Disorder and many body interactions are known to impact transport and thermalization in competing ways, with the dominance of one or the other giving rise to fundamentally different dynamical phases. Here we investigate the spin diffusion dynamics of 13 C in diamond, which we dynamically polarize at room temperature via optical spin pumping of engineered color centers. We focus on low-abundance, strongly hyperfine-coupled nuclei, whose role in the polarization transport we expose through the integrated impact of variable radio-frequency excitation on the observable bulk 13 C magnetic resonance signal. Unexpectedly, we find good thermal contact throughout the nuclear spin bath, virtually independent of the hyperfine coupling strength, which we attribute to effective carbon-carbon interactions mediated by the electronic spin ensemble. In particular, observations across the full range of hyperfine couplings indicate the nuclear spin diffusion constant takes values up to two orders of magnitude greater than that expected from homo-nuclear spin couplings.
Abstract Magneto-optical (MO) effects, viz. magnetically induced changes in light intensity or polarization upon reflection from or transmission through a magnetic sample, were discovered over a century and a half ago. Initially they played a crucially relevant role in unveiling the fundamentals of electromagnetism and quantum mechanics. A more broad-based relevance and wide-spread use of MO methods, however, remained quite limited until the 1960s due to a lack of suitable, reliable and easy-to-operate light sources. The advent of Laser technology and the availability of other novel light sources led to an enormous expansion of MO measurement techniques and applications that continues to this day (see section 1). The here-assembled roadmap article is intended to provide a meaningful survey over many of the most relevant recent developments, advances, and emerging research directions in a rather condensed form, so that readers can easily access a significant overview about this very dynamic research field. While light source technology and other experimental developments were crucial in the establishment of today’s magneto-optics, progress also relies on an ever-increasing theoretical understanding of MO effects from a quantum mechanical perspective (see section 2), as well as using electromagnetic theory and modelling approaches (see section 3) to enablemore »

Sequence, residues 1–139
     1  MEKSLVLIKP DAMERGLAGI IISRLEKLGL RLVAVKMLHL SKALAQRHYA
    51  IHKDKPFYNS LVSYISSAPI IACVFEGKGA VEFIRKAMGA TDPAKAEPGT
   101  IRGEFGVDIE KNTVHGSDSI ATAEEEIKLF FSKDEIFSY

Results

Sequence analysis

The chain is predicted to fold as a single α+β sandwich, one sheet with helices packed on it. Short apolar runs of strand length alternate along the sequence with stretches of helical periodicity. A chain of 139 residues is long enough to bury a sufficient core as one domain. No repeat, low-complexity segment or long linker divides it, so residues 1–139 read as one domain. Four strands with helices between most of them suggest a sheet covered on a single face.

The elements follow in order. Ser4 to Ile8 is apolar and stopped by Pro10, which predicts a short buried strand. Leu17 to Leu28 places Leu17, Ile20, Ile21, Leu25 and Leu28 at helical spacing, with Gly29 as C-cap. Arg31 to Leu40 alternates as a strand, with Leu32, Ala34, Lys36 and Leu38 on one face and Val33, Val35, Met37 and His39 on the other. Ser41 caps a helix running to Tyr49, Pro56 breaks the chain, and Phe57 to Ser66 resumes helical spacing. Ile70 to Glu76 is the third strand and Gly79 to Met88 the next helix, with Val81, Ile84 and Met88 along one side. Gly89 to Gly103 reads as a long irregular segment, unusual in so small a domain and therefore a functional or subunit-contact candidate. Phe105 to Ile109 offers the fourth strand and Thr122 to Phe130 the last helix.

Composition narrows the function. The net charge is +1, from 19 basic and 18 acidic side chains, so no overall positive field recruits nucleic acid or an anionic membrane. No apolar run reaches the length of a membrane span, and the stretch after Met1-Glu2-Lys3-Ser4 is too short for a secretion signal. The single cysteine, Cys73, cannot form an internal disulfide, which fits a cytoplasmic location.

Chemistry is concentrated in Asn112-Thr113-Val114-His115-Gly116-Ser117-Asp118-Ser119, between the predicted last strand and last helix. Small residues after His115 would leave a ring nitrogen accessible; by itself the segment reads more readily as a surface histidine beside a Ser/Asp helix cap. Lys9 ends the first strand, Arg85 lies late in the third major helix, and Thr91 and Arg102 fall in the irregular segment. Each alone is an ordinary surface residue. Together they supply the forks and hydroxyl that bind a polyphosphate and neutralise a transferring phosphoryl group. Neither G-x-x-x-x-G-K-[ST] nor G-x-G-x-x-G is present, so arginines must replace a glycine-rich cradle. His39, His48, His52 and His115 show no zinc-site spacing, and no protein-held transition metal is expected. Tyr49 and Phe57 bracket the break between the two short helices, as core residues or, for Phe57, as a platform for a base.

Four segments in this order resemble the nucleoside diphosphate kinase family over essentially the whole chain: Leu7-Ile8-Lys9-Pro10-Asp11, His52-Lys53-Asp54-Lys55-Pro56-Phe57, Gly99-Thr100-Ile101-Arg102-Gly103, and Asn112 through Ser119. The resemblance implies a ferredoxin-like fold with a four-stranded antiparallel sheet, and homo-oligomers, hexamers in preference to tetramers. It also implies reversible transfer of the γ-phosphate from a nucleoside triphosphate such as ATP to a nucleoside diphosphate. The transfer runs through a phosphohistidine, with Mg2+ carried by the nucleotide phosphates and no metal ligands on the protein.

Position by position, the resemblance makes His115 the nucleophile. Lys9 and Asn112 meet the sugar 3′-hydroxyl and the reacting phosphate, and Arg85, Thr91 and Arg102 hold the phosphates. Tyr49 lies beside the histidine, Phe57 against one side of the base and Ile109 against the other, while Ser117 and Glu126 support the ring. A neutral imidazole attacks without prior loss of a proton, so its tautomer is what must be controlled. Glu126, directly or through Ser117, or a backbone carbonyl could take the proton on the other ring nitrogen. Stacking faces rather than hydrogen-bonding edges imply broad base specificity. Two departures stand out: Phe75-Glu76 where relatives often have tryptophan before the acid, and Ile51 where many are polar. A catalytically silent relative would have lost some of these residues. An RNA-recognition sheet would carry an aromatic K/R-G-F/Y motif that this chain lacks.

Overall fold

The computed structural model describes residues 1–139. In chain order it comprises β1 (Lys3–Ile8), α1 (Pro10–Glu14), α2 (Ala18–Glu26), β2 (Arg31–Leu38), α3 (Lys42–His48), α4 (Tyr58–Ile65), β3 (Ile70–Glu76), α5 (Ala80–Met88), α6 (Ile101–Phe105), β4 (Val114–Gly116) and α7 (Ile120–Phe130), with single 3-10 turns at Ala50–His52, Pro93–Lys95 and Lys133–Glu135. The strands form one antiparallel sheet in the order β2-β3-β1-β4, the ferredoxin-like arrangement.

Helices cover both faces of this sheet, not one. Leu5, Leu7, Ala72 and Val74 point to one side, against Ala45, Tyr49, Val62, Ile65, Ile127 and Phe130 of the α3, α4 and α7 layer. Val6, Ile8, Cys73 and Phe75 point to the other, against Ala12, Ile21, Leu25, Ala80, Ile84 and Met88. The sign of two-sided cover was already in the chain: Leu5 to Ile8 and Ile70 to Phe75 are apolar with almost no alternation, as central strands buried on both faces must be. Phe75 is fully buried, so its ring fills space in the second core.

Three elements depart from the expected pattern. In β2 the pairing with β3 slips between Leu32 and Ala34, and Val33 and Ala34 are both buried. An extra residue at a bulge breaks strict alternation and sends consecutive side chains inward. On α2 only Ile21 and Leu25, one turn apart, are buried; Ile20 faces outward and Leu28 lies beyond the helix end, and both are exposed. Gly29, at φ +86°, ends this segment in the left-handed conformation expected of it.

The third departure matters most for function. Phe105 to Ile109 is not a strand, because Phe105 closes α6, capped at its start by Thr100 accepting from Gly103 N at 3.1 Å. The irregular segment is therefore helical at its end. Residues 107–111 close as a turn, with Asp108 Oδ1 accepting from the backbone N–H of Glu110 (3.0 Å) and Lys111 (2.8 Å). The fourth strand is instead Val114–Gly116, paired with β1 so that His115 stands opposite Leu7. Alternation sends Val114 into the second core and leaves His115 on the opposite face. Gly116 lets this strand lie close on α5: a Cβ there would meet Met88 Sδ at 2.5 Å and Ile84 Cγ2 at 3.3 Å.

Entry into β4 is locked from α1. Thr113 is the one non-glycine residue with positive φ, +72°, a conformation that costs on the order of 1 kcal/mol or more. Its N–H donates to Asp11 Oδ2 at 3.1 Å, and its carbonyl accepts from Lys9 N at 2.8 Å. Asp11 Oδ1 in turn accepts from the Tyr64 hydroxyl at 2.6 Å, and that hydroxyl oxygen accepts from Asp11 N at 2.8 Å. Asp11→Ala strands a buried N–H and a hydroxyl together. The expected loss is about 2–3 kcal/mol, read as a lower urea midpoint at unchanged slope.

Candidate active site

We demonstrate the operation of a rotation sensor based on the nitrogen-14 ( 14 N) nuclear spins intrinsic to nitrogen-vacancy (NV) color centers in diamond. The sensor uses optical polarization and readout of the nuclei and a radio-frequency double-quantum pulse protocol that monitors 14 N nuclear spin precession. This measurement protocol suppresses the sensitivity to temperature variations in the 14 N quadrupole splitting, and it does not require microwave pulses resonant with the NV electron spin transitions. The device was tested on a rotation platform and demonstrated a sensitivity of 4.7°/ s (13 mHz/ Hz ), with a bias stability of 0.4 °/s (1.1 mHz).
Sensitive and accurate diagnostic technologies with magnetic sensors are of great importance for identifying and localizing defects of rechargeable solid batteries using noninvasive detection. We demonstrate a microwave-free alternating current (AC) magnetometry method with negatively charged NV centers in diamond based on a cross-relaxation feature between nitrogen-vacancy (NV) centers and individual substitutional nitrogen (P1) centers occurring at 51.2 mT. We apply the technique to non-destructively image solid-state batteries. By detecting the eddy-current-induced magnetic field of the battery, we distinguish a defect on the external electrode and identify structural anomalies within the battery body. The achieved spatial resolution is μμμ360μm. The maximum magnetic field and phase shift generated by the battery at the modulation frequency of 5 kHz are estimated as 0.04 mT and 0.03 rad respectively.